We the Internet: Citizen and Stakeholder Dialogues
For the 55% of the world’s population connected to it, the Internet has been a source of transformational change. This connection has altered almost every facet of daily life, from the ways we communicate, learn, shop, and interact to the ways we organize, entertain, trade, travel, govern or even take action. Many of these developments, however, have occurred in a decentralized manner with the public and private sectors, academia, and civil society playing varied roles. In essence, we have “harness[ed] the shared technical expertise of a global community of equals. ” The governance of the Internet has historically been a multi-stakeholder activity, enabling each stakeholder with an interest in the Internet’s future to have a say in the ways in which it evolves and is used.
While the question of bringing the fruits of transformational change to rest of the world’s population has remained a central quest, a host of other issues have also risen in recent years. If left unresolved, these issues—ranging from unintended to malevolent—could fundamentally damage or weaken what is considered to be a universal public good. Is fake news a real problem? Is it a threat to social order? Should suspected fake news stories be ignored, deleted, marked, or made illegal? Are governments or industries right in controlling access to the Internet? Who is responsible for the safety of cyberspace? What, if anything, should be done about cyber bullying, abuse and exploitation?
These questions and their underlying social, ethical and legal implications add to the complexities of a multi-stakeholder process driven largely by organized interests. By including representatively diverse lay citizens across the world in an informed, distributed, and systematic dialogue, “We the Internet” aims to add a new layer of legitimacy, relevance, accountability, trust and confidence. It aims to strengthen the current national and global multi-stakeholder engagement process for Internet governance.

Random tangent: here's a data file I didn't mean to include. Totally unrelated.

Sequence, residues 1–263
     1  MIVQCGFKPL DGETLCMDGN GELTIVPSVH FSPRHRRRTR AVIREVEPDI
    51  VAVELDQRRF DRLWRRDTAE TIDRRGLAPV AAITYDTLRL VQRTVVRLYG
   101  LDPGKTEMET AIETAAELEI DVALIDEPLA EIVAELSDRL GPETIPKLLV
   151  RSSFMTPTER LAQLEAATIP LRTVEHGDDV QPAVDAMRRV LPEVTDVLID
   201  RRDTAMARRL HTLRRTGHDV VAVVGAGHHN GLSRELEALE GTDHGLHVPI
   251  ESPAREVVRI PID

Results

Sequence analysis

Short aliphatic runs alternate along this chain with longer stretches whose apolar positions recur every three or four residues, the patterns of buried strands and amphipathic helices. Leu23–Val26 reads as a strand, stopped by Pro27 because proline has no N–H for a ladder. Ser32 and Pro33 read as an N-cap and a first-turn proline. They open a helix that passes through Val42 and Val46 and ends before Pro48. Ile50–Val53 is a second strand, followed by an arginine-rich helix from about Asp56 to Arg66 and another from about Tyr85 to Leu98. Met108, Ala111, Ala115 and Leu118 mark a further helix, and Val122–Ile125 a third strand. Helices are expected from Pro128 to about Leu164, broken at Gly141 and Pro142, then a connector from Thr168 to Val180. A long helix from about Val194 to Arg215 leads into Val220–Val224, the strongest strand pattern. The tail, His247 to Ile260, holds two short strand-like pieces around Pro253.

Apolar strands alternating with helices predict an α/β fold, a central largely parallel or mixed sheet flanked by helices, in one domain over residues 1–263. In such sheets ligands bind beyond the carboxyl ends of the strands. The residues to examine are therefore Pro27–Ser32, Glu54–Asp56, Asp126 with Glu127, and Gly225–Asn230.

Online Community Forums on the Future of the Internet:
What is it?
A global citizen dialogue on the future of the Internet organized by Missions Publiques in over 75 countries and led in the U.S. by Arizona State University’s Consortium for Science, Policy and Outcomes to feed into global negotiations about the governance of the Internet.
When and Where
- Saturday, October 24 (1pm-5pm ET/10am-1pm PT with breaks)
- Sunday, October 25 (1pm-5pm ET/10am-1pm PT with breaks)
- Online via Zoom (use mics and webcams to join a facilitated discussion)
How does the forum work?
Community members will apply online. Applicants will be selected to represent the demographic diversity of their region (city/state) with the aim to have about 100 total non-expert participants for the entire United States. Selected participants will be sent background information. On the days of the forum, participants will meet online for the two 4-hour sessions. They will be divided into breakout groups of 6-8 with a facilitator.
What is the agenda?
There will be a total of 8 sessions (see below) divided into two days. In a typical session, participants will watch a short video on the topic, engage in discussion and answer individual and group questions.
|Day 1 (4 -hours with breaks)||Day 2 (4 hours with breaks)|
Add Your Voice! Apply Now!
- Join in and share your views in an online forum about the role of internet in your daily lives. You will meet fellow citizens, share your hopes and concerns, and engage in thoughtful dialogue. No prior experience or knowledge is required. There are no incorrect answers—every viewpoint is welcome and wanted! http://www.surveymonkey.com/r/wti-us
- Applicants must be 18 years old or older, and live within 50 miles of any of the following cities: Boston, MA, the Triangle, NC, Phoenix, AZ, Waco, TX, or Washington, DC.
- Selected participants who attend both sessions will receive a $75 gift card by mail after completion.
Meet the Project Team
International Projects Manager, Missions Publiques
Associate Director, CSPO
Co-director, Missions Publiques
Additional Team Members